End-of-2007 Superlatives

December 31, 2007

By hammersmith

Considering that 2008 has already begun for the farthest-flung Scholars and alums, we’d better hurry up with some year-end awards. Let’s get right to it:

Most Likely to Catch You if You Start Spilling Trade Secrets: Keith Schon (’92). Keith is a senior software engineer for Cataphora, which conducts investigations on very large data sets, mostly for the legal industry, discerning behavior patterns by looking at e-mail messages, instant messages, memos, calendar entries, operation of electronic door locks…

Best Demonstration of Skills Enabling One to Live off the Land in Case of Apocalypse: Jonathan Furst (’88 ). Jonathan is the co-founder and senior editor for Chromatrope Design, a print and web design company in the Bay Area. And he’s a graduate of the Tom Brown Tracker School. And he leads wilderness-skills workshops for Wild Mystic in the Sierras.

Best Worst Commute: Katie (Awerkamp) Liljenquist (’95). Katie lives in eastern Idaho, 256 clicks up the road from Provo, where’s she’s an assistant professor in the Marriott School of Business at BYU. No monkey business in class, kiddies: Her research centers on ethics and power and decisionmaking and related psychology stuff as it applies in organizational settings.

Funniest Funny Person: AJ Morales (’97). While he was working on his MFA in dramatic writing at NYU, AJ was also putting together the Wicked Wicked Hammerkatz, a sketch and improv comedy group based out of the Upright Citizens Brigade Theater in New York. AJ’s still performing, writing, and directing–for the Hammerkatz and several other comedy groups.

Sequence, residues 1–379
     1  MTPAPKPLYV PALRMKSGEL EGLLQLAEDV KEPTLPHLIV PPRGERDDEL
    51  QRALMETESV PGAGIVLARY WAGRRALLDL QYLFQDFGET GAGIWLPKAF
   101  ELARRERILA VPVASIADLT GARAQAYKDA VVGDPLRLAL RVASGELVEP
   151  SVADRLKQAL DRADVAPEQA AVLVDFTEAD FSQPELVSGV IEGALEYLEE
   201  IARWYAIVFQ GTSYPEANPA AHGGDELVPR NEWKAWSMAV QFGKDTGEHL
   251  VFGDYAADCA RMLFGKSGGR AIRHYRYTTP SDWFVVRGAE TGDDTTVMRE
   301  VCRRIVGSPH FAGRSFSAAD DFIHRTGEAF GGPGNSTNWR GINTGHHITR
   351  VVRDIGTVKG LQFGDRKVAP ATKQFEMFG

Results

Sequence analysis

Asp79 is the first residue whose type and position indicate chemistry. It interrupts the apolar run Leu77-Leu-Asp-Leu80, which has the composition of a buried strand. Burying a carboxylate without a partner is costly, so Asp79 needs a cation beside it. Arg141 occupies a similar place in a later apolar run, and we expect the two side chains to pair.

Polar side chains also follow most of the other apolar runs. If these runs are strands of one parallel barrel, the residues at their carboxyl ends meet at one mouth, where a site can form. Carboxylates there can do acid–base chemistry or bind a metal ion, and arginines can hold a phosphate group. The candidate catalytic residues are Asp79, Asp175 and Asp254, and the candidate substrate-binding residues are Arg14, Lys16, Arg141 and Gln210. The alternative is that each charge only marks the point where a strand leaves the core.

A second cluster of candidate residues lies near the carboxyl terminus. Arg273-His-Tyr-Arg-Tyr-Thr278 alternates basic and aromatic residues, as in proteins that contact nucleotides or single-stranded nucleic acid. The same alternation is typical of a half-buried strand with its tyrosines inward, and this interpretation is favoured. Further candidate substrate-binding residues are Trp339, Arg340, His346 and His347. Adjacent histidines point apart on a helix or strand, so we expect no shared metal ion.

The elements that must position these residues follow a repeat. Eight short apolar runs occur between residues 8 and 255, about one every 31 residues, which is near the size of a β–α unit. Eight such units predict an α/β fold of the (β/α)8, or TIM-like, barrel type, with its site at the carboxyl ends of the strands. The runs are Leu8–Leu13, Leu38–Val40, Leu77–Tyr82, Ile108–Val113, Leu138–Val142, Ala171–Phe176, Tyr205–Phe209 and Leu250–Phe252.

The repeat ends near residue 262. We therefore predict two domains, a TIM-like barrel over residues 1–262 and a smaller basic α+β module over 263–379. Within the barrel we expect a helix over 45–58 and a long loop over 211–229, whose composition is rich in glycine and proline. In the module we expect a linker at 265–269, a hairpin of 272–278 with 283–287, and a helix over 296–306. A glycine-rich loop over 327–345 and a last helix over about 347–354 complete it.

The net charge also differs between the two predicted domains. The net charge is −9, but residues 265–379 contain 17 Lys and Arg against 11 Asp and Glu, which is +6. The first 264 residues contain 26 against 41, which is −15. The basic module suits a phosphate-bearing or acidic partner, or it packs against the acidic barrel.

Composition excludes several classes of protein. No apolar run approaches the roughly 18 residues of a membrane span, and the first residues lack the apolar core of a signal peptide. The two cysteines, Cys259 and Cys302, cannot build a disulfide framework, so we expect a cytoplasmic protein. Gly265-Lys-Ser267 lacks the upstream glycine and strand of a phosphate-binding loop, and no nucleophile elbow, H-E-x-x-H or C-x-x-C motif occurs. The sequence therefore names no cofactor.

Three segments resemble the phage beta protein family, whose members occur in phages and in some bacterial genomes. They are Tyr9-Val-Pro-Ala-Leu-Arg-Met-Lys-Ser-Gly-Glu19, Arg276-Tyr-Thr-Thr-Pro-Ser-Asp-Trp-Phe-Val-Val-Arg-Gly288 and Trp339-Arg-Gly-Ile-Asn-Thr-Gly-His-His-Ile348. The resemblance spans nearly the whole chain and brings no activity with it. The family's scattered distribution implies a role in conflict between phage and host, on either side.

Most Likely to End the Argument about Whether Paintings By Elephants Count As Art: Sherri Irvin (’89). Sherri is an assistant professor of philosophy, specializing in aesthetics, at the University of Oklahoma. The story of her hunt to land her current position was published here.

Best Sense of Perspective (or, at least, best model of the known universe): Ka Chun Yu (’88 ). Ka Chun is the curator of space science for the Denver Museum of Nature and Science. His current research focuses on evaluating the use of immersive virtual environments, like digital planetariums, for teaching astronomical concepts.

Most Likely to Arbitrate a Conclusion to the Writer’s Guild Strike: Sarah Calvert (’00). Sarah has just a semester to go at Columbia Law, where she has focused on media and entertainment law. This year she’s serving on the editorial board for the Columbia Science and Technology Law Review and working for the Law and Justice Unit at ABC News.